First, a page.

New Scientist has an article exploring what caused global temperature to melt and the ice sheets to retreat at the end of the Ice Age. First, some background and the issue:
The last great ice age began around 120,000 years ago. One massive ice sheet, more than 3 kilometres thick in places, grew in fits and starts until it covered almost all of Canada and stretched down as far as Manhattan. Another spread across most of Siberia, northern Europe and Britain, stopping just short of what is now London. Elsewhere many smaller ice sheets and glaciers grew, vast areas turned into tundra and deserts expanded as the planet became drier.The problem facing scientists, however, is that various models--increased sunlight, increased CO2--didn't fit with the facts. The increased sunlight was too small, while the increase in CO2 was not until after the ice sheets started to melt. A proposed solution is that the initial changes were driven by changes to ocean currents, which then released CO2 into the atmosphere. The article explains:
With so much ice on land, sea level was 120 metres lower than it is today. Britain and Ireland were part of mainland Europe. Florida was twice the size it is now, with Tampa stranded far from the coast. Australia, Tasmania and New Guinea were all part of a single land mass called Sahul. The planet was barely recognisable.
Then, 20,000 years ago, a great thaw began. Over the following 10,000 years, the average global temperature rose by 3.5 °C and most of the ice melted. Rising seas swallowed up low-lying areas such as the English Channel and North Sea, forcing our ancestors to abandon many settlements. So what drove this dramatic transformation of the planet?
Earlier this year, Shakun and colleagues drew together many of these strands of research with an analysis of 80 different records of temperature and atmospheric composition over the past 22,000 years (Nature, vol 484, p 49). Their work pretty much confirms the sequence of events that ended the ice age. It goes like this:The author goes on to note that, technically, we are still in an ice-age because we still have ice caps, but adds (predictably) that increased atmospheric CO2 may cause the ice caps to fully melt. I have to admit that I'm a little disappointed. I had hoped the cause of the end of the ice age was the rapid industrialization of the Atlantians. (Sarcasm intended).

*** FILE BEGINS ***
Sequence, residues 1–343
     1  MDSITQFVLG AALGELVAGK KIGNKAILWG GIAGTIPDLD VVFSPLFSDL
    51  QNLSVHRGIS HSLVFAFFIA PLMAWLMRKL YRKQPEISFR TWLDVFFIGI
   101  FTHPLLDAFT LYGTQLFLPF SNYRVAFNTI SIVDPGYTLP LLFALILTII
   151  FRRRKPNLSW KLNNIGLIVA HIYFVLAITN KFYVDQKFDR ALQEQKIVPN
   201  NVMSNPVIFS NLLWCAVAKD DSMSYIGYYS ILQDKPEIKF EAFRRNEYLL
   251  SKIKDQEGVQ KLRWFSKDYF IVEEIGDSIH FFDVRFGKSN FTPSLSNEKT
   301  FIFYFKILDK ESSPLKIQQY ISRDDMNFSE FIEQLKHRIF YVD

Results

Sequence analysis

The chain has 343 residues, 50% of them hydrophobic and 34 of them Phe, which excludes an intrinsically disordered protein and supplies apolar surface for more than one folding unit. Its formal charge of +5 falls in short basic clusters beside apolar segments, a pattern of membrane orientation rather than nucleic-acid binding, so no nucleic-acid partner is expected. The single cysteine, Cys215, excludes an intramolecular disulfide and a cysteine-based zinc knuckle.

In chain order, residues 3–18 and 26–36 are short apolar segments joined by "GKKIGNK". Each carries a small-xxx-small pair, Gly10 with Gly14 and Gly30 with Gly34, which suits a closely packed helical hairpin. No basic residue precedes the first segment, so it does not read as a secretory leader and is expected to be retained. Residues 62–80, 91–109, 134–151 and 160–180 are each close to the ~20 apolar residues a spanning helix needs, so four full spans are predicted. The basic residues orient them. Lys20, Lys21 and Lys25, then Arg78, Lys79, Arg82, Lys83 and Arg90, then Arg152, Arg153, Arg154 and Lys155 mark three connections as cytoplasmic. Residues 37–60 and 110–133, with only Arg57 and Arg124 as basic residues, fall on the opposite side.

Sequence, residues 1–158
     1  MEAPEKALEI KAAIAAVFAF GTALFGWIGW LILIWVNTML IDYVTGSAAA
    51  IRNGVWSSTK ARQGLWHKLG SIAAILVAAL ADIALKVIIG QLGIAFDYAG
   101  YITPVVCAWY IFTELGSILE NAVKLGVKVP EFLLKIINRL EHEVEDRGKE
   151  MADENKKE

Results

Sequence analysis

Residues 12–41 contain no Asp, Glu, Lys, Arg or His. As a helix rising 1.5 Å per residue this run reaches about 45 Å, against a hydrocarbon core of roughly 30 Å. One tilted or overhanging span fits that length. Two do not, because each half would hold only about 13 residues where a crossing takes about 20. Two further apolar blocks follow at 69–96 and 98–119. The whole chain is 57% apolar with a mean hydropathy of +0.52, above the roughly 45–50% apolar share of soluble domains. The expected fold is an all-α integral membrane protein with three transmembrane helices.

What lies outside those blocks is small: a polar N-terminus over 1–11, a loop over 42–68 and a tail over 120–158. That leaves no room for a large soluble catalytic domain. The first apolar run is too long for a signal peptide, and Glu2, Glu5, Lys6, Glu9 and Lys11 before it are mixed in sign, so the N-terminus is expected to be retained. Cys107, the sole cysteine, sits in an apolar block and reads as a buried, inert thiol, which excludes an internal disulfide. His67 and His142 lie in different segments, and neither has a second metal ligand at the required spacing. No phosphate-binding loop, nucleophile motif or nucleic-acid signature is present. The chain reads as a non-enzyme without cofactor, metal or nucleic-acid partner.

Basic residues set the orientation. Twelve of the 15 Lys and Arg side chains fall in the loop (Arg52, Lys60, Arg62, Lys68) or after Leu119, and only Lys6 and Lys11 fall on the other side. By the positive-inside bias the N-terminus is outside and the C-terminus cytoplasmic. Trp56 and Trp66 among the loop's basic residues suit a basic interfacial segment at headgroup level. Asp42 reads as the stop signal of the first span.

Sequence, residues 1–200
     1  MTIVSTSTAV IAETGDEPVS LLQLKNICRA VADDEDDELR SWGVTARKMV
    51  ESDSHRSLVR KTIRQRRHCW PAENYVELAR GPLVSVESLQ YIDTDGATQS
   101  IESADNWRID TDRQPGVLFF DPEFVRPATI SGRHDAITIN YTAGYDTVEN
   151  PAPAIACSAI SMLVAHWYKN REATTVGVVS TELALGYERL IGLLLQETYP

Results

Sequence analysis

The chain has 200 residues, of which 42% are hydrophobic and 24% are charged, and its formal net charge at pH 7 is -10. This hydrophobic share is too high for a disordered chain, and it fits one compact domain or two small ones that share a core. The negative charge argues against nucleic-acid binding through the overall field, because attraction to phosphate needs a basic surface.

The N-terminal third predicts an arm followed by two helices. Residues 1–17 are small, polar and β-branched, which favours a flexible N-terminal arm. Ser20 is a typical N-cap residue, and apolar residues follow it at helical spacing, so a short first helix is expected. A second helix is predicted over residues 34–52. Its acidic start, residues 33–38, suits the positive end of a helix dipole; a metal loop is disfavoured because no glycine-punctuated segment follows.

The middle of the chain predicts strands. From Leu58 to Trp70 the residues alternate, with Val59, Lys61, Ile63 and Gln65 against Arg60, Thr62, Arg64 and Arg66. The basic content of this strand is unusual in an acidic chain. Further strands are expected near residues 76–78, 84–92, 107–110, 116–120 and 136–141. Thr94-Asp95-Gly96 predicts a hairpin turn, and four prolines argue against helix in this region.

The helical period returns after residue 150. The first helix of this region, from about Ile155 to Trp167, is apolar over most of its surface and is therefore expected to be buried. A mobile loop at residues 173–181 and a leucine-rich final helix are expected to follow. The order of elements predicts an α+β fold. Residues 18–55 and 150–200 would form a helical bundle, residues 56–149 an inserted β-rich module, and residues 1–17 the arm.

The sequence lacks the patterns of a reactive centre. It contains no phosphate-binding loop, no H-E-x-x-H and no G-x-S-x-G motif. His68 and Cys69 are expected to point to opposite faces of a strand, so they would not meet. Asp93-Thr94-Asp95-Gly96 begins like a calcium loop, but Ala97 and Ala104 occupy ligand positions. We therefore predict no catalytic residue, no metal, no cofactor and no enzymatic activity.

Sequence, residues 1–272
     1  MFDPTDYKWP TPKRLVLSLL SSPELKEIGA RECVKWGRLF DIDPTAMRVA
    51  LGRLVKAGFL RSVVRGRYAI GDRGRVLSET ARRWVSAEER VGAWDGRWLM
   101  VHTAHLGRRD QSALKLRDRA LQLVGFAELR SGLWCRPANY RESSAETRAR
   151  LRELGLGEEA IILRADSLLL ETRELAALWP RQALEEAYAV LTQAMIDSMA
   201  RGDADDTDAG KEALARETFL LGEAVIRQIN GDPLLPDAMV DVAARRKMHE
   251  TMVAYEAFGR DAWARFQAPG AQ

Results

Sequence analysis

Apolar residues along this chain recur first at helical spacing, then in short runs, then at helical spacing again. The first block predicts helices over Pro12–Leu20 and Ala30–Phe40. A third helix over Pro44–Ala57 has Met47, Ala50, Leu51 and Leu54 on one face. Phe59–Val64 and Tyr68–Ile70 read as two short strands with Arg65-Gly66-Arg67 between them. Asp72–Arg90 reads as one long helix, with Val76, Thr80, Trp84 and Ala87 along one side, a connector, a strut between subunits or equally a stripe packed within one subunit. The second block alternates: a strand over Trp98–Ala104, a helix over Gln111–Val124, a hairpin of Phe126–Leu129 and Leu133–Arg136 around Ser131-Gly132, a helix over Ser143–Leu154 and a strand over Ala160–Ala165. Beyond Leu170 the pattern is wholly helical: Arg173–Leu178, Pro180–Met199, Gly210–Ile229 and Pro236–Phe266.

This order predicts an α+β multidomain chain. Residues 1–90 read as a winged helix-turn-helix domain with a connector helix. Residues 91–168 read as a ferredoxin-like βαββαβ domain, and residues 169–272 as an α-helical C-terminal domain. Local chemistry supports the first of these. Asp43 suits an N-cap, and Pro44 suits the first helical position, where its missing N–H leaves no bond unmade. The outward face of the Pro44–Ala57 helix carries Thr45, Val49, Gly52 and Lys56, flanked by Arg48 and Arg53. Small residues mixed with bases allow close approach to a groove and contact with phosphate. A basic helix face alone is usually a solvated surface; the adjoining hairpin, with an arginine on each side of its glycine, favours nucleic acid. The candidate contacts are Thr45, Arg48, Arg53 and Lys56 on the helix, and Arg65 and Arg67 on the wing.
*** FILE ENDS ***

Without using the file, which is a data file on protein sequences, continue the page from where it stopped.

Around 20,000 years ago, the northern ice sheets had spread so far south that just a small increase in sunshine led to extensive melting. As fresh water poured into the North Atlantic, the overturning circulation shut down, cooling the northern hemisphere but warming the southern hemisphere. These changes were mostly due to a redistribution of heat - by 17,500 years ago, the average global temperature had risen just 0.3 °C.
Changing winds or currents, or both, then brought more deep water to the surface in the Southern Ocean, releasing CO2 that had been trapped for thousands of years. As atmospheric levels climbed above 190 parts per million, the whole planet began to warm. The far north was the slowest to respond, but by around 15,000 years ago, as CO2 levels approached 240 ppm and the Atlantic overturning circulation sped up again, temperatures started to shoot up. The recovery of the overturning circulation had the opposite effect in the southern hemisphere: warming stalled and the release of CO2 stopped.
Around 12,900 years ago, the see-saw swung again. Temperatures in northern latitudes suddenly plummeted and remained cold for about 1300 years. This cold snap, called the Younger Dryas, is thought to have been caused by a colossal meltwater lake in North America, which held more water than all the Great Lakes put together, suddenly flooding into the Atlantic and shutting down the overturning circulation once again.
The Southern Ocean, meanwhile, started releasing CO2 again. Levels in the atmosphere shot up to 260 ppm, causing the whole planet to warm rapidly over the next couple of millennia. By around 10,000 years ago, Earth had been transformed. The ice had retreated, the seas had risen and our ancestors were learning how to farm.